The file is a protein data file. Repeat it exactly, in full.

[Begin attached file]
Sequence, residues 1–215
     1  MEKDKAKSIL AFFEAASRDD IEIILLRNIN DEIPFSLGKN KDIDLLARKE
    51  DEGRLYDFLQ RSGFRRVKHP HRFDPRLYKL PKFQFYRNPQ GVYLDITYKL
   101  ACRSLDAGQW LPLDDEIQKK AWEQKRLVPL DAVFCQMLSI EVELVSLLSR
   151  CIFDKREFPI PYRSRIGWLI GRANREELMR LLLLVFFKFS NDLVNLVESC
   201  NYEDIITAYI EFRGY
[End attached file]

Sequence, residues 1–215
     1  MEKDKAKSIL AFFEAASRDD IEIILLRNIN DEIPFSLGKN KDIDLLARKE
    51  DEGRLYDFLQ RSGFRRVKHP HRFDPRLYKL PKFQFYRNPQ GVYLDITYKL
   101  ACRSLDAGQW LPLDDEIQKK AWEQKRLVPL DAVFCQMLSI EVELVSLLSR
   151  CIFDKREFPI PYRSRIGWLI GRANREELMR LLLLVFFKFS NDLVNLVESC
   201  NYEDIITAYI EFRGY